08 Aug 2018

Along with death and taxes, if there is one thing for certain it will be that the courts will continue to wrestle with issues of contractual interpretation on a regular basis. From time to time such decisions signal a substantive development in the law (or change of direction if you prefer), whereas others refine the process or comment upon particular aspects of the overall approach that the courts take in this often difficult area. One such recent case, which looked at a particular aspect of contract interpretation, was the decision of the Court of Appeal in Bou-Simon v BGC Brokers LLP ([2018] EWCA Civ 1525). 

Bou-Simon concerned the interpretation of an agreement made between Mr Bou-Simon and BGC Brokers. The question which the court dealt with was whether a particular term should be implied into the agreement. I will come to the precise wording of the implied term shortly.  

The agreement in question governed the terms of Mr Bou-Simon's employment with BGC. At the time the agreement was entered into it was intended by everyone that Mr Bou-Simon would become a partner in BGC. Part of the agreement concerned a loan by BGC to Mr Bou-Simon which was to be made within 30 days of Mr Bou-Simon becoming a partner and subsequently repaid over time. The loan could also be repaid in full on demand if there was a "material impairment" of Mr Bou-Simon's creditworthiness. The agreement also confirmed that the balance of the loan would be written off only if Mr Bou-Simon ceased to be a partner after the expiry of an "Initial Period" of four years. 

What actually happened was that the loan was advanced to Mr Bou-Simon, who was not in fact made a partner in BGC and who then resigned just over a year after he joined. Consequently a scenario arose which was largely unanticipated by the agreement. BGC alleged that the outstanding balance of the loan plus interest was due to be repaid, either as a result of an express term of the agreement or pursuant to an implied term. The implied term was that the loan "would become repayable in full where [Mr Bou-Simon] failed to serve the full term of the Initial Period". The Judge found that there was no express term and this finding was not appealed. The Judge also found that a term could be implied in the form set out above and awarded the sum to be repaid to BGC. Mr Bou-Simon appealed against that finding.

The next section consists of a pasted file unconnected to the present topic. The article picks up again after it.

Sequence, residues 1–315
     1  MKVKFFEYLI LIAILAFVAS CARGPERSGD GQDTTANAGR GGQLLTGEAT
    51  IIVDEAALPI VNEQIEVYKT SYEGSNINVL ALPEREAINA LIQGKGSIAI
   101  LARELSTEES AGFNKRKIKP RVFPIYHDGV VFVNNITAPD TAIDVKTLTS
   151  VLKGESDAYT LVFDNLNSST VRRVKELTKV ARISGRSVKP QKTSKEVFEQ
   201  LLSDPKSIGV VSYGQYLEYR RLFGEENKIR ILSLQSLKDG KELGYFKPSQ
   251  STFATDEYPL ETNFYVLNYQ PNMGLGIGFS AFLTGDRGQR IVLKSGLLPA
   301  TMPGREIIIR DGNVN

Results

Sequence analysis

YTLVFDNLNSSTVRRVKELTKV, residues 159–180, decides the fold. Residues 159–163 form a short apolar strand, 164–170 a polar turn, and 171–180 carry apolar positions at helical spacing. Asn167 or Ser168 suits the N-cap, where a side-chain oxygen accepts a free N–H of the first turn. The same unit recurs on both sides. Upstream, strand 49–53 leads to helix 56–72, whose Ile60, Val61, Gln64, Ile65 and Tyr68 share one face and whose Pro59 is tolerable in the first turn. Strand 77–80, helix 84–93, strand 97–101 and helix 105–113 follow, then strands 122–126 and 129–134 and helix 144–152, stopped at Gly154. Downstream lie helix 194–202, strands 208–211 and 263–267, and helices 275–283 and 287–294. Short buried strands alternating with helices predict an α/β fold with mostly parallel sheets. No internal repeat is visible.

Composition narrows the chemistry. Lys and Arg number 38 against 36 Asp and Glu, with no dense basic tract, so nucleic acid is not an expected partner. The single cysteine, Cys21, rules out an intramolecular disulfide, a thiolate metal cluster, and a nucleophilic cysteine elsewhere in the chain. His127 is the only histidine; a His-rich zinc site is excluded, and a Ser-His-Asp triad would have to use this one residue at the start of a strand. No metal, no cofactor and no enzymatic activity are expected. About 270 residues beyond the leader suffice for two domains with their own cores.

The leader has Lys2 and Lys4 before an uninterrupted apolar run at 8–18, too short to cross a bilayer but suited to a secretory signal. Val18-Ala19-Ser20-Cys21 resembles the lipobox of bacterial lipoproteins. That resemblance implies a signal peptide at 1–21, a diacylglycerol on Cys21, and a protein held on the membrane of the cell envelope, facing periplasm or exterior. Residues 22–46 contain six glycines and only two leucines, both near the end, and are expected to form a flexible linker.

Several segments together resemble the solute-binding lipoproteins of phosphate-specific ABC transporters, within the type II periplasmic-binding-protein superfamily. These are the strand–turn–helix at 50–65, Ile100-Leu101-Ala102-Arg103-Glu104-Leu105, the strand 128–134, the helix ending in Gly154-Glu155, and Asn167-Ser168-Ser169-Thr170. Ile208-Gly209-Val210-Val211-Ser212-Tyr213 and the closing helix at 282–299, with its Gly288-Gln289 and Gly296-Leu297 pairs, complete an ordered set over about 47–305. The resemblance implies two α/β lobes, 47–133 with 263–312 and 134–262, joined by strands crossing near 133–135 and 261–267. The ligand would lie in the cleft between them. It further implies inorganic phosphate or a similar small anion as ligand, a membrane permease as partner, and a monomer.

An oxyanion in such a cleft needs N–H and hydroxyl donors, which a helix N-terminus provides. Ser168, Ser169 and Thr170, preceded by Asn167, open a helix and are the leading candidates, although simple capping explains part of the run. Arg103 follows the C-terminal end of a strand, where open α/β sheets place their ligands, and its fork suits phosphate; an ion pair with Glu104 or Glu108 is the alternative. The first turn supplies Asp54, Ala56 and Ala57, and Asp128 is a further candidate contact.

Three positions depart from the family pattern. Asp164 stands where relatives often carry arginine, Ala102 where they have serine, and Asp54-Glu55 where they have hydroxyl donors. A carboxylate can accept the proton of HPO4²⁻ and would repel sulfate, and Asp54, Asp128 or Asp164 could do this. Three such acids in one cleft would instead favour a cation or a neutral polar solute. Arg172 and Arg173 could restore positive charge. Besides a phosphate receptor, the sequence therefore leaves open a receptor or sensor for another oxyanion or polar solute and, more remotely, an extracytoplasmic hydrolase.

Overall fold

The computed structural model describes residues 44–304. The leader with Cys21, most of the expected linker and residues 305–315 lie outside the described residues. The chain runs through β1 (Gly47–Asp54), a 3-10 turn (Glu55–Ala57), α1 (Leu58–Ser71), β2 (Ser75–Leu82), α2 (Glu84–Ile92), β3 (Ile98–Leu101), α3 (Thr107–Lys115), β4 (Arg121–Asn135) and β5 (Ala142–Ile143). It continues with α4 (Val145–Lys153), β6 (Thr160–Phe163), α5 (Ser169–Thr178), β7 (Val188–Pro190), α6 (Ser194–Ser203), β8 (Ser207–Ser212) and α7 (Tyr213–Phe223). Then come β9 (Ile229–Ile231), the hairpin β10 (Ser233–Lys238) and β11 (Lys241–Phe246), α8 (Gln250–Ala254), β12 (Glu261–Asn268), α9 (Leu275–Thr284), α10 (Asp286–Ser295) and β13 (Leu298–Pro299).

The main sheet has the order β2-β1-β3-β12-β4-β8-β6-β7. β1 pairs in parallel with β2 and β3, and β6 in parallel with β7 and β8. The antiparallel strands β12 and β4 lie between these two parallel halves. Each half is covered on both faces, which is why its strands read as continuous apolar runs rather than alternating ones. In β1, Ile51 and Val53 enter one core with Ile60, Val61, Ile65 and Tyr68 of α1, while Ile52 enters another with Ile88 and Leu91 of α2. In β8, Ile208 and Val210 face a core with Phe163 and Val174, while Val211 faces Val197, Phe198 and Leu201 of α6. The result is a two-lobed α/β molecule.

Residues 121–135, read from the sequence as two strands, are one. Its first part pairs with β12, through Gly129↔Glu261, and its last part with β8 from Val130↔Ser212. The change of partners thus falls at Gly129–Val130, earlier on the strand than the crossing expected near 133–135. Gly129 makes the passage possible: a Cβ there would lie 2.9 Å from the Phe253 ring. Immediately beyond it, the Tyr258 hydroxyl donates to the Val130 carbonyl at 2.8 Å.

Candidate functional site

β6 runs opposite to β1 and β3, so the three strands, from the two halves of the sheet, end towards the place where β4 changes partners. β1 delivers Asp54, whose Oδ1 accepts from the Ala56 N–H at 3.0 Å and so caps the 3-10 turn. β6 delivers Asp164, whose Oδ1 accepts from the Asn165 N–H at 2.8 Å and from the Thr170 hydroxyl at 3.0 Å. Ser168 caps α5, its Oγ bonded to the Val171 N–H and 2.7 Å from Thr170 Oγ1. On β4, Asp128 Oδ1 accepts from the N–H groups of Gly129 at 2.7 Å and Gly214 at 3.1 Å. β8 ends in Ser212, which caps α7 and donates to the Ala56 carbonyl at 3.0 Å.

There was no real dispute about the test that the court should use when considering whether the term should be implied into the agreement. The test can be found in the decision in Marks & Spencer Plc v BNP Paribas Securities Services Trust Co (Jersey) Limited ([2016] AC 72). On the basis of the Marks & Spencer decision, the term to be implied into the agreement, if it was to be implied, would be implied in the light of the express terms, commercial common sense, and the facts known to both the parties at the time the contract was made. The question which the court had to deal with in the Bou-Simon case was when the test should be applied. 

In short, the Court found that Judge implied the term in order to reflect the merits of the situation as they appeared to him at the trial; that is, with the benefit of hindsight and knowing what actually happened. He did not approach the matter from the perspective of the reasonable reader of the agreement, knowing all its provisions and the surrounding circumstances at the time the agreement was made. The Court of Appeal held that it is not appropriate to apply hindsight and to seek to imply a term in a commercial contract just because it appears to be fair or because you consider that the parties would have agreed it if it had been suggested to them.  

It is true that the agreement between Mr Bou-Simon and BGC contained no provision for repayment of the loan if Mr Bou-Simon did not serve the Initial Period and was not a partner but, as is well known, the parties are free under English law to make whatever bargain they wish as long as it is not illegal or void for public policy reasons and the Court should not imply a term into a contract merely because it considers that such a bargain is unfair. At the time the contract was made, for whatever reason the issue was not expressly addressed or, if the parties did think about it, they chose not to include it in the contract.  

Having reviewed all of the express terms of the agreement and the surrounding circumstances at the time the agreement was executed and applying commercial common sense, the Court of Appeal reached the conclusion that the reasonable reader would not consider the implied term for which BGC contended either so obvious that it goes without saying or to be necessary for business efficacy in the sense that the agreement would lack commercial or practical coherence without it. The parties had chosen to make the bargain that they had and that bargain functioned perfectly adequately. It just didn't cater for what subsequently happened, a scenario all too familiar to those of us that deal with dispute resolution on a regular basis. 

(This article originally appeared in a slightly different form in Building magazine)